From the January 2003 issue of the Socialist Standard
One of the illusions that modern capitalist governments like to foster is that they are in favour of “free trade”. Mr Bush, Mr Blair and just about every political leader in Western European countries, thunder on about its wondrous benefits. They pose as champions of liberalisation, of tariff busting and global freedom of trade. The reality is somewhat different.
“The past year has been lousy for free trade. The Americans have ratcheted up farm subsidies and slapped new import duties on foreign steel. A European summit made little progress towards reform of the common agricultural policy (CAP); indeed, the French managed to secure agreement to preserve CAP spending at present levels. Poor countries are despairing over the outlook for the Doha round of trade negotiations, which was intended to benefit them. Just this week, negotiations between rich and poor countries over access to patented drugs through “compulsory licensing”, a big aim of poor countries, stalled” Economist, 30 November.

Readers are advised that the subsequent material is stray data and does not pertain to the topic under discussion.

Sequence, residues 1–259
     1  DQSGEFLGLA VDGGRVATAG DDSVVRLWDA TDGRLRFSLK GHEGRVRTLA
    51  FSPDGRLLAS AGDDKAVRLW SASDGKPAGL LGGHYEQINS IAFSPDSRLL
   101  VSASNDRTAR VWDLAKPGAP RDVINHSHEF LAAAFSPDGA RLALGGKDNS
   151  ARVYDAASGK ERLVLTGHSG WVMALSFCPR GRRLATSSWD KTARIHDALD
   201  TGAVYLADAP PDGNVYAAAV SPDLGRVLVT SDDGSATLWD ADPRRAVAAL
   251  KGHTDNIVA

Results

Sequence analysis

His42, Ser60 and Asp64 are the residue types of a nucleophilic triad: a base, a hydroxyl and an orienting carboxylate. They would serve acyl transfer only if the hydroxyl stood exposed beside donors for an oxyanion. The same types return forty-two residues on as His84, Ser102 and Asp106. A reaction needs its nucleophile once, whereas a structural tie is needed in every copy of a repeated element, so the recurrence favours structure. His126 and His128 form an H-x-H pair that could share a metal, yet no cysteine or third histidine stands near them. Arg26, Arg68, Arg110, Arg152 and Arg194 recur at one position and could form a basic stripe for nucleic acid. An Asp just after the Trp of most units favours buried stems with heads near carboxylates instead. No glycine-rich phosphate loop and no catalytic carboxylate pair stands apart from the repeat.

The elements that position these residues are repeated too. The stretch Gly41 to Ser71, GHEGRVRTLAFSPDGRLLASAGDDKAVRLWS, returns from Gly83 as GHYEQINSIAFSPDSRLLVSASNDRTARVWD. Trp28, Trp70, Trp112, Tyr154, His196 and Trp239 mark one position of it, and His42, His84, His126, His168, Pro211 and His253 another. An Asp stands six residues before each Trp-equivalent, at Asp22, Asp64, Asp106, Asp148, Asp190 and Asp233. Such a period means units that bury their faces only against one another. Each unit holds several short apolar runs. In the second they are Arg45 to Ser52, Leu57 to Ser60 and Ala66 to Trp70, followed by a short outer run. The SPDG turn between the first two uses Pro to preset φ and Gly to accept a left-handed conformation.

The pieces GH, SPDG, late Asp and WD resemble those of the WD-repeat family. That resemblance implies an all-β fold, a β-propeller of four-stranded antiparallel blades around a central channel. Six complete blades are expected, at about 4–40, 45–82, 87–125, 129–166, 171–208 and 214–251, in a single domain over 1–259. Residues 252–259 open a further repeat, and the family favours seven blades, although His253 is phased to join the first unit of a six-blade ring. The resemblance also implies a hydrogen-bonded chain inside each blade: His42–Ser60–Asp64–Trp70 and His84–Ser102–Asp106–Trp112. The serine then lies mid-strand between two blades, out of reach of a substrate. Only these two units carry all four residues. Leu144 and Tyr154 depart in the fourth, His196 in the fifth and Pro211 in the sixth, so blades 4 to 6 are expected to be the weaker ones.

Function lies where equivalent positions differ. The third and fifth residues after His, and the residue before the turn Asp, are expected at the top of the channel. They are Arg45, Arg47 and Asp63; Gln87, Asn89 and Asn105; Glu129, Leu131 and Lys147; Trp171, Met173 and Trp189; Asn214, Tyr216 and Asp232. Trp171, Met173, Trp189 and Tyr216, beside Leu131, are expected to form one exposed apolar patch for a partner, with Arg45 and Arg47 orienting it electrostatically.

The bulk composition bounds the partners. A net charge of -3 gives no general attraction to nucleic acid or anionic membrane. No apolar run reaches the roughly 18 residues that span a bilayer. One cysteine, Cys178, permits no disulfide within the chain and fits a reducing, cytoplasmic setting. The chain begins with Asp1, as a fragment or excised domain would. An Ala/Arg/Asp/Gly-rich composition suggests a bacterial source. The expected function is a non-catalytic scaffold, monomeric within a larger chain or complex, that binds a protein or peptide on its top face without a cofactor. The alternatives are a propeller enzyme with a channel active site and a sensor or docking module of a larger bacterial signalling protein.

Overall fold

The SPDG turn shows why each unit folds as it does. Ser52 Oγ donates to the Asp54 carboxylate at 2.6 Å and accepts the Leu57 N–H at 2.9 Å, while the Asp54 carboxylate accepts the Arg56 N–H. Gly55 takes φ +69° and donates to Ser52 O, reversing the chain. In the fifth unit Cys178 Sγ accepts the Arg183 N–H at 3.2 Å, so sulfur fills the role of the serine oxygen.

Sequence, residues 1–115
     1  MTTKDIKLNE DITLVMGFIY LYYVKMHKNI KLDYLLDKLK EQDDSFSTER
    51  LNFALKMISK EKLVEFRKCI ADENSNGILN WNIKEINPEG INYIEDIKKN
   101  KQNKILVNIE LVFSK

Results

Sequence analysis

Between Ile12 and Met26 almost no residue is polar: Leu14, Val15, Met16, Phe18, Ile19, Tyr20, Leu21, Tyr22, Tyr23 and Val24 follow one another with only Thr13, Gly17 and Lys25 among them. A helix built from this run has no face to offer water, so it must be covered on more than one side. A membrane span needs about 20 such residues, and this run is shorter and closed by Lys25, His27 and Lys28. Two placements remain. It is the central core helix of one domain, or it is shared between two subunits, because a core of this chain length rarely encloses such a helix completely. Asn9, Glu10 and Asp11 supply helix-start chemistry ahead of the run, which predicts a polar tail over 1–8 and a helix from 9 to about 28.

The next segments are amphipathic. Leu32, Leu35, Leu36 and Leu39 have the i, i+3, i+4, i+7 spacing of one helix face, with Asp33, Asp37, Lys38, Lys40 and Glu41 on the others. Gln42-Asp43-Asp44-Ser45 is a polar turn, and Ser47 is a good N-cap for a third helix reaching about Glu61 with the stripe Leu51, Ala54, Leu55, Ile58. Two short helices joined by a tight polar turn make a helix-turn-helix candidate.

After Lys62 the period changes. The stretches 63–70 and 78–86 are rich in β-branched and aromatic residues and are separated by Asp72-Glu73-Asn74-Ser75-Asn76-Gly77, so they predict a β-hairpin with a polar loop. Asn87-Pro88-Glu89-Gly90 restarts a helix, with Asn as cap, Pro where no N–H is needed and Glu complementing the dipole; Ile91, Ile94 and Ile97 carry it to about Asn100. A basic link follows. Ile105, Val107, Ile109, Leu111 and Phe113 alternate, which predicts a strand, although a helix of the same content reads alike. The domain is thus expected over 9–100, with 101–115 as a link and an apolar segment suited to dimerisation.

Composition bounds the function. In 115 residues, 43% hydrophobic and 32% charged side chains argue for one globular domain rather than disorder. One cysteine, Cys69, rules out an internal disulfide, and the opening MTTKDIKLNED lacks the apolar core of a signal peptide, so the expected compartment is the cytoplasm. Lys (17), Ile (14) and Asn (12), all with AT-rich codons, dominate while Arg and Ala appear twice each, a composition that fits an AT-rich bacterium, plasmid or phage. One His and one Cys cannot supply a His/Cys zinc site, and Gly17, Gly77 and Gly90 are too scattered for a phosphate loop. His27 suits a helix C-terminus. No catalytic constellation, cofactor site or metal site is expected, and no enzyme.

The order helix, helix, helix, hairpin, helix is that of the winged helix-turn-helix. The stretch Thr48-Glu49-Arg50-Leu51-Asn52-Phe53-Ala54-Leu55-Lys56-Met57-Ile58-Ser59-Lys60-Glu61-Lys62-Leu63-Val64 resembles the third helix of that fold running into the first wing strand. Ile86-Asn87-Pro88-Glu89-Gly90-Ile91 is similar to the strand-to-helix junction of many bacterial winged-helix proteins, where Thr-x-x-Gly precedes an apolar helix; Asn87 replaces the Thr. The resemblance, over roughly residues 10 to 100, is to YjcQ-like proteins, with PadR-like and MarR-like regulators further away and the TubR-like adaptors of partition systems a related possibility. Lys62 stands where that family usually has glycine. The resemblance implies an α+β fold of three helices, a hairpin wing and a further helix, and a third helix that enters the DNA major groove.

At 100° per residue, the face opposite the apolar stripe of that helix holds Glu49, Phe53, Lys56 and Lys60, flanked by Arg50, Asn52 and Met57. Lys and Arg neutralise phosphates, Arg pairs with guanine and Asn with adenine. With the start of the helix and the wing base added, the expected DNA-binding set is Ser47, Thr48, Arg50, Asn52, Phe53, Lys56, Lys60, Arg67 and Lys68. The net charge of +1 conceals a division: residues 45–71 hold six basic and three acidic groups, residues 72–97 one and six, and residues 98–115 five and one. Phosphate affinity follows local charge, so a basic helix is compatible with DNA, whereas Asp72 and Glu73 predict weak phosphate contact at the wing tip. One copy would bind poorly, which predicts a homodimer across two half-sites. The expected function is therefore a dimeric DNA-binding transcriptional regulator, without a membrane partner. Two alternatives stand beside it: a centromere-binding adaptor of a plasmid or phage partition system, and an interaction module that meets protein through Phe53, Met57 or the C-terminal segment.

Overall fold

So how do we explain this apparent contradiction? The politicians are all for anti-protectionism and yet at the same time we get more and more trade barriers, more trade quotas and more restrictions on imports According to Mr Bush's trade representative Robert Zoellick all this can be changed. He is a man with a plan and he states his plan in a very concrete fashion.
By 2010, WTO members would reduce all tariffs to below 8 per cent, and scrap altogether those that are now less than 5 per cent. By 2015, all tariffs on manufactured goods would be reduced to zero. Splendid free trade rhetoric you may think; but of course it is all about manufactured goods. Mr Bush's trade representative remains strangely silent about the farming industry. For a very good reason.
“Sadly absent from the plan is any more discussion of farm goods, which form the basis of the poorest countries economics. Admittedly in July Mr Zoellick put forward a proposal to scrap many farm subsidies, but there is little sign that American farmers will support this. Rich countries' tariffs on factory goods are already low – typically less than 5 per cent – while their subsidies and tariffs on farm goods are in general far higher.”
So let us get this quite clear. Some members of the owning class, whose wealth is dependent on the exploitation of a highly skilled industrial work force, are in favour of free trade in such goods that they can sell cheaper than their competitors, but opposed to free trade when they fear that their competitors may undersell them. Politicians are just so many hired hands, hired to be in favour of free trade one minute and opposed to “dumpimg” the next, depending on their master's whim.
As a member of the only useful class in society – the working class, don't you think it is time to get rid of your exploiters and their apologists?